Friday 6 August 2010

taking the all black concept too far; NZ to put the lights out for file sharers for good

Will it go all black in New Zealand for alleged file shares? well it appears it just might if indeed one side of the argument gets their way. In a proposed measure submitted to The New Zealand government by the New Zealand Law Society they have asked for the full disconnection and banning from the internet of repeat infringers of copyright through p2p and file sharing. This is the focus of their submission to the select committee considering a proposed new law to protect copyright holders.

On Wednesday the 4 August 2010 public submissions began before the Commerce Select Committee, which is considering a Bill before the New Zealand Parliament that will strengthen the law on internet copyright protection. The bill is the Copyright (Infringing File Sharing) Amendment Bill. The legislation amends the Copyright Act 1994 to provide enforcement measures intended to combat unauthorised sharing of copyright material via the internet.

In 2008 a new law was introduced in New Zealand but not brought into force that would have required ISPs to regulate activity by adopting policies to terminate the internet accounts of repeat offenders. This new bill will repeal provisions of that law and instead mandate  the power of the courts to order disconnection of internet access for up to six months where serious offences of copyright infringement has occurred as well as other remedies.

The New Zealand Law Society have sought in their submission a complete internet ban for persistent copyright infringers, which would take away their right to open up an account with another ISP if their original one is suspended. Their submission points out that during the period of a user's internet account disconnection that there would be nothing stopping that person from opening an account with another ISP and immediately continuing to illegally share unauthorised copyrighted work and that the law should be further strengthened by expressly prohibiting any person whose account has been disconnected by a court order to open another account during the period of suspension.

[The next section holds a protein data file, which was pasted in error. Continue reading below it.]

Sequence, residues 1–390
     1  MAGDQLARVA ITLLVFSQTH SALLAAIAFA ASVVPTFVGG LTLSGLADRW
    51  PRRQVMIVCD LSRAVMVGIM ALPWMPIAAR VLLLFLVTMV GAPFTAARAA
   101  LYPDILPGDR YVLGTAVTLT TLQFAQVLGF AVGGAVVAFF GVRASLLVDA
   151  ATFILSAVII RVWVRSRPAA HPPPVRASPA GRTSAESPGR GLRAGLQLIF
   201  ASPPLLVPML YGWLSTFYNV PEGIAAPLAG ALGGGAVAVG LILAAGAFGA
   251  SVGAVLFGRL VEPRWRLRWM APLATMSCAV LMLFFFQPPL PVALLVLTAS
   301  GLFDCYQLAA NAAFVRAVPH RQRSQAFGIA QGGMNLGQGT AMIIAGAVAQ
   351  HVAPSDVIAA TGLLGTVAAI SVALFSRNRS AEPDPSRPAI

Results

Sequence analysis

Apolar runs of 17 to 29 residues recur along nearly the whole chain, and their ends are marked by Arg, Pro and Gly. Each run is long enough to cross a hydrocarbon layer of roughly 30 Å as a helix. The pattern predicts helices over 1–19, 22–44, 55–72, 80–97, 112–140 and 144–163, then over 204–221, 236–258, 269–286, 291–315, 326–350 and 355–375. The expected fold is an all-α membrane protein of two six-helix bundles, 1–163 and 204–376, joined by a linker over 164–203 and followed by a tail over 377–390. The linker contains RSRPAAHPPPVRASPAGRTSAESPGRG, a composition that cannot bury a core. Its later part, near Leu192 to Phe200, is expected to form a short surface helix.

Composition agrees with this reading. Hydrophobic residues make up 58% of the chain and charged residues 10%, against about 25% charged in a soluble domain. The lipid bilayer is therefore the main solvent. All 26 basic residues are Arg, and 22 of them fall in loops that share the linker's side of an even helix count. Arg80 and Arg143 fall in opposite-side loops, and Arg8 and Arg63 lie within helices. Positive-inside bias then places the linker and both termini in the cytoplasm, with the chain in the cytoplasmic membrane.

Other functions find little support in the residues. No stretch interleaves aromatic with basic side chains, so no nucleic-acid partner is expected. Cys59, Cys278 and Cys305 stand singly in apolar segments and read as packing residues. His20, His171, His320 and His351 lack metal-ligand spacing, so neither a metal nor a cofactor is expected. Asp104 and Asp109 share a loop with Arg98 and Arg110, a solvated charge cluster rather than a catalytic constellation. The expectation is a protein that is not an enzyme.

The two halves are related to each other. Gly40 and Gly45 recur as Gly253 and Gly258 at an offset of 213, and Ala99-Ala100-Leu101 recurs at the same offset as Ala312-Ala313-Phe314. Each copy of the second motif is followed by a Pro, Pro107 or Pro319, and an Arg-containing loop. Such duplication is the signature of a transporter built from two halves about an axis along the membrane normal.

There however is some opposition to any account suspension and InternetNZ did make a presentation to the Committee on 5 August calling on for disconnection to be removed as a penalty. Policy Director Jordan Carter has argued that disconnection needs to be removed from the Bill and that it needs to go on pragmatic and on principled grounds. 

All this however is about the end game if repeat infringers continue to flout the law, the real intention of the bill and its proposed measures are to better educate the public about the problems of illegal file-sharing. The Bill’s general policy statement says that “lack of public knowledge that file sharing may infringe copyright contributes to the prevalence of this activity in the digital environment.”

The legislation sets a regime for infringement notices to be sent within set timeframes to give infringers adequate notice of their offence and the potential repercussions. It is expected that most infringers will be deterred by the first notice and that the more stringent provisions of the legislation only come into play for serious repeat offenders.

This will be an interesting to watch along with Digital Britain and HADOPI France I have mused over this prospect before but seeing misguided action will be interesting indeed.

What do you think is this going to far? Leave me a comment love to hear your views on this one.

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